Interleukin-23 (IL-23), a member of the IL-12 cytokine family, is a heterodimeric cytokine composed of the IL-12p40 subunit, and with a novel p19 subunit. Interleukin-23 is mainly secreted by activated macrophages and dendritic cells (DCs) located in peripheral tissues (skin, intestinal mucosa and lung) as a disulphide-linked complex with the polypeptide p19 binding protein p40. Interleukin-23 has been implicated in several autoimmune inflammatory disorders such as colitis, gastritis, psoriasis and arthritis, and as a novel pro-inflammatory cytokine, with close resemblance to IL-12.
Interleukin-23 is a major cytokine bridging the innate and adaptive arms of the immune response. It is essential for driving early local immune responses. Interleukin-23 was also initially shown to induce the production of IFN-c, which is important in Th1 responses and cell-mediated immunity against intracellular pathogens. Additionally, IL-23 plays a leading role in the activation of NK cells, enhancement of T-cell proliferation and regulation of antibody production.
Copious evidence supports the theory that increased amounts of IL-23 are associated with several autoimmune diseases including psoriasis, inflammatory bowel disease (IBD), rheumatoid arthritis (RA) and multiple sclerosis (MS). Meanwhile IL-23 was sufficiently indicated acting as a maturation factor for Th17 cells, which had just been discovered and identified as a main player in autoimmunity. It is remarkable that the effect of antihuman IL-23 monoclonal antibody (mAb) was as efficacious as anti-TNF mAb, which is currently the standard therapy for psoriasis. Studies in mice and humans highlight IL-23 as a drug target for the development of novel therapies for Inflammatory bowel diseases. Serum and synovial fluid levels of IL-23 are correlated positively not only with the IL-17 concentration, but also with the IL-1b and TNF-a, implying that IL-23 is closely linked to the production of other pro-inflammatory and anti-inflammatory cytokines in the course of Rheumatoid arthritis. Hence, the IL-23p19/IL-17 axis is an essential inflammatory mediator for the offensive and destructive phases of autoimmune arthritis. Many findings highlight the importance of regulating the IL-23/IL-17 axis and emphasize the crucial role of IL-23 in the development and maintenance of chronic inflammatory autoimmune diseases.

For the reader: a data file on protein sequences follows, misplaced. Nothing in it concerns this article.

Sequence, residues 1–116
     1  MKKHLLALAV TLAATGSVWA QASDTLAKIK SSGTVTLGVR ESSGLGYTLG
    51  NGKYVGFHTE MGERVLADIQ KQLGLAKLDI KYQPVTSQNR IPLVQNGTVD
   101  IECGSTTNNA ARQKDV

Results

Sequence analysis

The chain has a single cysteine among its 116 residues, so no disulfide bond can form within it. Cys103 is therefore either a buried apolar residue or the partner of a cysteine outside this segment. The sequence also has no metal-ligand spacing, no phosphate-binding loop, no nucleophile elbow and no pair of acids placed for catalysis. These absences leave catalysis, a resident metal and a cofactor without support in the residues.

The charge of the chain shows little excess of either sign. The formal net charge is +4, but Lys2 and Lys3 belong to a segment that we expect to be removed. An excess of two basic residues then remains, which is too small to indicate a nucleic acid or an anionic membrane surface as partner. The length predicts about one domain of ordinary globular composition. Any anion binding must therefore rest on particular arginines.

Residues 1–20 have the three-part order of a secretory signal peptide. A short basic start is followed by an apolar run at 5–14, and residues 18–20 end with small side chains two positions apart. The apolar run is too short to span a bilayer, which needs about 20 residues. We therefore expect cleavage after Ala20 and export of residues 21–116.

The level of interest in this target can be seen from the fact that many IL-23 receptor antagonists are now reported to be in clinical or pre-clinical development:
Ustekinumab is an injectable (subcutaneous) mAb against the IL-12/IL-23p40 subunit. The mAb is a high-affinity IgG1j HumAb, which was originally isolated using Medarex Inc.'s HumAb transgenic mouse technology. Ustekinumab prevents the interaction of IL-12/IL-23 with their receptor, thereby blocking subsequent signalling, differentiation and cytokine production central to autoimmune inflammatory diseases.
Briakinumab ia a recombinant, fully human, IgG1 mAb designed to target the shared p40 subunit of IL-12 and IL-23, for the potential subcutaneous treatment of psoriasis.
The inhibition of IL-23 might be a novel and promising therapeutic strategy, especially in the therapy of autoimmune inflammatory diseases like psoriasis, for which therapeutic effectiveness and safety data from ustekinumab are positive. Interleukin-23 can be targeted by using an antibody against IL-12/IL-23; nevertheless, it would be much more useful to design drugs that target the IL-23p19 or IL-23 receptor, so inhibiting IL-23 without modifying the effects of IL-12.
Tang C, et al. Interleukin‐23: as a drug target for autoimmune inflammatory diseases[J]. Immunology, 2012, 135(2): 112-124.